An M635CSi is a rare car, of course. Only 4000 or so were built, and Herbert reckons that fewer than half a dozen of the surviving UK-market cars are genuine low-mileage examples like this in such immaculate condition. “I’d set myself an upper limit before the auction,” he says, “although in the end, of course, I didn’t stick to it… I’d put my paddle away and told myself that I wasn’t going to bid any higher, but then I asked myself where I was going to find another one like it, so put in one more bid.”
The story could end there: wealthy aristocrat pays over the odds for an exceptional example of a desirable mid-’80s coupé, lucky chap, good for him. Significantly, though, the Earl of Pembroke (not to mention his undisclosed rival at the CCA sale) is not alone in his appreciation of classics of this era – quite the reverse. Take note because the ‘youngtimer’ has officially come of age.
Since the financial meltdown a decade ago we’ve grown accustomed to values of chromeera classics going stratospheric. Be they Ferrari, Aston Martin, Porsche or Jaguar, those core models that were for so long tantalisingly within reach – albeit sometimes only if you applied a bit of gently twisted logic and turned a blind eye to your overdraft – have become the strict domain of the very well off. At the same time, more affordable cars from less exotic marques – Big Healeys, Alfas and the like – have been dragged up with them. Classics are now acknowledged to be expensive toys, and as a new generation of enthusiasts matures, an equally new generation of cars has established itself. If you’re old enough to remember the days when, thanks to joyriders and ram-raiders, you couldn’t give away a Sierra Cosworth (and young enough to have considered selling a kidney to finance the insurance on one then), you probably get all misty-eyed when you see one today. And you’re not alone.
“People who dreamt of these cars as teenagers in the 1980s are now in the market to buy them,” says Jonathan Ostroff of Hexagon Classics, which was a BMW dealer in period and today specialises in low-mileage youngtimers from the likes of BMW, Benz and Porsche. “The E24 M635 is a rare beast, but we’ve seen positive movement in the prices of all modern-classic BMWs. Of course, due to their formerly low market values, most vehicles of that era have not been particularly well looked after. Many were kept outside and run on a tight budget, which ruined their condition and with it their desirability. Also, because they were well-built and reliable, others covered high mileages as daily drivers. As a result, although the cars are coming into their own, finding really good ones isn’t easy.” And with scarcity comes some eye-watering prices.
Forget the ‘mere’ £30-40k being achieved by the best Peugeot 205 GTis and witness instead the £95k that Hexagon was asking for a sub- 1000-mile Mercedes-Benz R107 500SL earlier this year, or the incredible £292,500, paid for a 1990 Mercedes-Benz 190E 2.5-16 Evo 2 W201 at Silverstone Auctions’ Race Retro sale in 2016. That car had covered just 1723 miles from new, but Bonhams sold another last year that had travelled a not insubstantial 48,000km, and which still went for £131,020. “A low production number is a good indicator of desirability,” says Ostroff, “and any cars that were homologated for motorsport will be top of any serious collector’s list.” It’s unsurprising, then, that Thornley Kelham is currently offering an 8721km Lancia Delta Integrale Evo ‘Martini 5’ for £115k, or that Silverstone made £114,750 for an 11,000-mile Ford Sierra RS500 Cosworth in July, while rival auction house Historics sold an E30 BMW M3 Evo 3 last August for £78,400. And if the M3 sounds cheap in this company, bear in mind that the car in question had covered some 250,000km.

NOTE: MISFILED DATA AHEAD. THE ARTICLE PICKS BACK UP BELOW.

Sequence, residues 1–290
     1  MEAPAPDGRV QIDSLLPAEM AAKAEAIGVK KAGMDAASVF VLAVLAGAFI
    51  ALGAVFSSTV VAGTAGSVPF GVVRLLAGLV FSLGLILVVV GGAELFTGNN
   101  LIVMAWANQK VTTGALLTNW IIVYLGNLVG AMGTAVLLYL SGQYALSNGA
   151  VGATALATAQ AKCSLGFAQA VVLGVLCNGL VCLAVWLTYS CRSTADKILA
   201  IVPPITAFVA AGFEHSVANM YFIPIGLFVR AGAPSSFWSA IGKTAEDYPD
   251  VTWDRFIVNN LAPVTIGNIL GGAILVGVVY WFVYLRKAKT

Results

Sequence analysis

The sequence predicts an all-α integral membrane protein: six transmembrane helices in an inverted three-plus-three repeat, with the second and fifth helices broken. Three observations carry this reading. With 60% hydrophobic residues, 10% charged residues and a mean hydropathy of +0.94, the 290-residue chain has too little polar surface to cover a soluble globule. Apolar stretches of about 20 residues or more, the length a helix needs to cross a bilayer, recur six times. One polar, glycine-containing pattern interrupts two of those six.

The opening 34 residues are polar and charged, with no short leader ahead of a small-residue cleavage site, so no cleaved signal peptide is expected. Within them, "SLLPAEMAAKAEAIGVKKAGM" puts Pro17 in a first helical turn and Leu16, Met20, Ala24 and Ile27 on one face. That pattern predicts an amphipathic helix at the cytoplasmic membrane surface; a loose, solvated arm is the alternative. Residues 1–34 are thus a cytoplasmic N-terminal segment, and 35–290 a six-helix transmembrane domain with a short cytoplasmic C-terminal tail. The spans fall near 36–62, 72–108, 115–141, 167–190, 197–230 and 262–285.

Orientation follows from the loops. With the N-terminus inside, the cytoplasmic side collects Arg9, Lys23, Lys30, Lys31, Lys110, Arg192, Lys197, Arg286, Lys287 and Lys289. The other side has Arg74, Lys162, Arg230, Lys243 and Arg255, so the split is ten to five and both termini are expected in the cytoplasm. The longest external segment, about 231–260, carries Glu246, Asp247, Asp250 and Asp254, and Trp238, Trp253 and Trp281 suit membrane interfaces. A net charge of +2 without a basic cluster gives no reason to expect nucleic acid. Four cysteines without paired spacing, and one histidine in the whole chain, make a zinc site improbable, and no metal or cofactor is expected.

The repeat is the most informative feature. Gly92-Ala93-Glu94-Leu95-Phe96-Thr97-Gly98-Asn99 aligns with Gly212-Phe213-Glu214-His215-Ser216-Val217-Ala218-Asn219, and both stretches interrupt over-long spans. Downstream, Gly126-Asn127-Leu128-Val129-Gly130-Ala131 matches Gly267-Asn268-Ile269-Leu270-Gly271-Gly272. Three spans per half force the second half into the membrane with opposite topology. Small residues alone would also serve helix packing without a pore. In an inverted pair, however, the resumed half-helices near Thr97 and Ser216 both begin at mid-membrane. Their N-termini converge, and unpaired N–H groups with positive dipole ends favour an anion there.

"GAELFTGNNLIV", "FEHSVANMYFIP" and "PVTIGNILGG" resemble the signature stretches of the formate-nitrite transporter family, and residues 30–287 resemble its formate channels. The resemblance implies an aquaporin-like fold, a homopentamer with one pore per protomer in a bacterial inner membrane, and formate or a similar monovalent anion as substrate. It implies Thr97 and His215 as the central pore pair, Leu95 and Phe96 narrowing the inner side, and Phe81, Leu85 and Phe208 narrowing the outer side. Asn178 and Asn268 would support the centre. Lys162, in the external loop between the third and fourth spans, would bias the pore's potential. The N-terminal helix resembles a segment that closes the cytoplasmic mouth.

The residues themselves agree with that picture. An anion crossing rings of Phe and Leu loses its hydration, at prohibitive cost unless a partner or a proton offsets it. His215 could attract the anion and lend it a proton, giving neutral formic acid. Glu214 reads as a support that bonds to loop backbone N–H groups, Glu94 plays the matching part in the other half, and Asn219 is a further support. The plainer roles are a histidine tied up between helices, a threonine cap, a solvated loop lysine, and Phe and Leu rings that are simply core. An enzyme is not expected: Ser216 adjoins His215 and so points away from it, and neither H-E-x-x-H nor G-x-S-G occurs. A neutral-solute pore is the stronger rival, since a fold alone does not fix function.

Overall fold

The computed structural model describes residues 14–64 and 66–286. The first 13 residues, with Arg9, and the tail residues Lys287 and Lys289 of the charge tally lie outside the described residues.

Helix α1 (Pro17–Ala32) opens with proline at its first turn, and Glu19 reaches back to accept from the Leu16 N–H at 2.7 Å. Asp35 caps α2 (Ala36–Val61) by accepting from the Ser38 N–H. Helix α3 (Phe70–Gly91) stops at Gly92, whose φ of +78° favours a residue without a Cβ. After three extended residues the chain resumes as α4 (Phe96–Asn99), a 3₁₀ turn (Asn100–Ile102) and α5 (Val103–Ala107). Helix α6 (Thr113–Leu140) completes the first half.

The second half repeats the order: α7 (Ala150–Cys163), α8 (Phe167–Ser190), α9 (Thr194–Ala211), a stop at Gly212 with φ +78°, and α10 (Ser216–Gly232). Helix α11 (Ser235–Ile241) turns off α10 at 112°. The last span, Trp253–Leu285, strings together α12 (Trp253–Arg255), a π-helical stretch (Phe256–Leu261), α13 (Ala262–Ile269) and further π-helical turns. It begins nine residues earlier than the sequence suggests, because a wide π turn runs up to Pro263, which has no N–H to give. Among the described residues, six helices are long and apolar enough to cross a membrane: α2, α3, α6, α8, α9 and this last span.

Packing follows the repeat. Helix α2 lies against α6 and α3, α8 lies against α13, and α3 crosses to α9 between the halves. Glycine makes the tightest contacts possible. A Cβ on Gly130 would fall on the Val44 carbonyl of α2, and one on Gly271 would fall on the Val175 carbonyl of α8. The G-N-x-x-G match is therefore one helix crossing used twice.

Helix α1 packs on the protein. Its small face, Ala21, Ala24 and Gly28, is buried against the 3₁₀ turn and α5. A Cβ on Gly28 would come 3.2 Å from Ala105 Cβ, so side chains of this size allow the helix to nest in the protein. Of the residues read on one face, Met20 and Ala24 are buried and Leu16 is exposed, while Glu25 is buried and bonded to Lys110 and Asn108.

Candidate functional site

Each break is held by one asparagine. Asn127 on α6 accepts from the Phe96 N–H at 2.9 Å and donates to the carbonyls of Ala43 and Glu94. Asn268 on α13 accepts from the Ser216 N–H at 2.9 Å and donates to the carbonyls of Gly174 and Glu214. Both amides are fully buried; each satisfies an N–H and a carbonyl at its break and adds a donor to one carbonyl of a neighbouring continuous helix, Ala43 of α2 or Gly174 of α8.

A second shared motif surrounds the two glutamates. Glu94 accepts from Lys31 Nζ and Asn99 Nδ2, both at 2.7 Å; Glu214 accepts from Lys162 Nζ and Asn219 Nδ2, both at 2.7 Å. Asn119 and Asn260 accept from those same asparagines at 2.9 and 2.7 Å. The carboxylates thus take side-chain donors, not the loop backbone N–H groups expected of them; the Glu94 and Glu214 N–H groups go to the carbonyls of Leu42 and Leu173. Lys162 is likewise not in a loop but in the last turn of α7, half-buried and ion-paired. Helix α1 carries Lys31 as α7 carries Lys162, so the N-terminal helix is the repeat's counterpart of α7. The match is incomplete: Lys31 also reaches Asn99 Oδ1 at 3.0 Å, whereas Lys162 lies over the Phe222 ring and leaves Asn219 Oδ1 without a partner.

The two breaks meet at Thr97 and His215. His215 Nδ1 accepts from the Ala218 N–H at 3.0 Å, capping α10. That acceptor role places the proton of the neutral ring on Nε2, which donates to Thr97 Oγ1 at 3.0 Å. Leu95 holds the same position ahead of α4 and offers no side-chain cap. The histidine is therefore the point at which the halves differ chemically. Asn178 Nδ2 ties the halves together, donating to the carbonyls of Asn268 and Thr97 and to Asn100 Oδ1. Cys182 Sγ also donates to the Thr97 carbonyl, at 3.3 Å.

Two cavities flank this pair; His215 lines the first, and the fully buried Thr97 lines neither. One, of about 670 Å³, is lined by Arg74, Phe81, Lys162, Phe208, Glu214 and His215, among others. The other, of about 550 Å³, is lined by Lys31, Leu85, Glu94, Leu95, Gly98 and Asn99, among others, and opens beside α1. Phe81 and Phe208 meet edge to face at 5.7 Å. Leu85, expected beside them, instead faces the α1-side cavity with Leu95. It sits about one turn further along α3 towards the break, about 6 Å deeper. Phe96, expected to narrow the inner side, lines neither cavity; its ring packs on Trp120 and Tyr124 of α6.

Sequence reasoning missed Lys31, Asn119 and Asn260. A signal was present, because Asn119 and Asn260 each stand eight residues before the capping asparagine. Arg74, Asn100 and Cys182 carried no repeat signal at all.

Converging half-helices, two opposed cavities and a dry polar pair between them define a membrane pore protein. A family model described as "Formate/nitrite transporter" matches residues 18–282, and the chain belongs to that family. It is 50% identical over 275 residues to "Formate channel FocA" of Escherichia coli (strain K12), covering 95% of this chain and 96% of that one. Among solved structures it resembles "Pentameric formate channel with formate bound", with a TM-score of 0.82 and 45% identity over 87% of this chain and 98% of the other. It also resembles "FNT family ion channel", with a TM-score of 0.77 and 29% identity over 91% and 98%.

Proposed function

If such sky-high prices sound like a depressing repetition of the spike in values of 1960s classics, there are cheaper cars out there that have yet to take off, but if you’re tempted, don’t hang about.
“Things are starting to move when cars reach 20 years old,” says CCA’s Simon Langsdale, who handled the sale of this 6 Series. “Performance models are what everyone wants. Fast Fords are increasingly popular, but still have potential to climb; the Escort Cosworth, for example, has yet to achieve the same level of collectability as the Sierra, but with time I think it will so it’s one to watch. Sapphire Cosworths are also being pulled up – we recently consigned a 29,000-mile 4×4 with a £25-30k estimate. I’d also keep an eye on hot hatches such as the VW Golf GTI and 205 GTI, both of which are iconic ’80s models, and all versions of the BMW E30 – especially the 325i Sport. The Porsche 928 is also starting to get noticed after being overlooked for too long.
“With all of these cars, buyers are looking for quality and mileage. People want the best examples, and that’s reflected in the prices. Top-class restorations are hard to achieve with cars of this era because the parts supply is nothing like as good as for favourites from the ’60s such as Jaguars and MGs, so properly rebuilt examples are attracting interest just as much as original vehicles. There’s definitely a market for both.”
So many aspects of the 1980s and early ’90s seem dreadfully vulgar today, but spend time with a classic such as this magnificent BMW and you’re reminded that not everything about that era was awful. “A lot of ’80s cars were rubbish,” concludes Lord Pembroke, “but the best ones really are brilliant.” The ’80s, ladies and gentlemen, are back with a vengeance.
“THE CLOCK STILL TICKS WITH THE SAME QUIET PRECISION OF 1985, YET TIME HAS STOOD STILL”
Top track listings
Aside from supercars, the most soughtafter youngtimers are a triumvirate of hot rods from Ford, Mercedes and BMW that earned their wings – quite literally – on the track. Few vehicles are as recognisable as the original Sierra Cosworth, but for real kudos you need the Tickford-built RS500. Featuring an uprated engine with a bigger turbo, it was good for 222bhp in road trim, more than twice that on the circuit. Value today: £70-130,000.
The Mercedes 190E 2.3-16 was rather more subtle than the Ford, but by the time it had morphed into the homologation special 2.5-16 Evo II it was truly outrageous. In 1992, this bewinged monster won 16 rounds of the DTM, making it the series’ most successful car ever. Value today: £150-300,000.
Arch rival BMW launched the M3 in 1986. Five generations on the moniker is still with us, but for many the name conjures just one variant: the E30. Initially powered by a 2.3-litre ‘four’, the final Sport Evolution got a 2.5-litre unit giving a hefty 237bhp. Bizarrely, a convertible was also offered. Value today: £80-150,000.
From top: Silverstone Auctions took £114k for RS500; 885-mile Cossie Merc wore £180-220k estimate; stunning Sport Evo.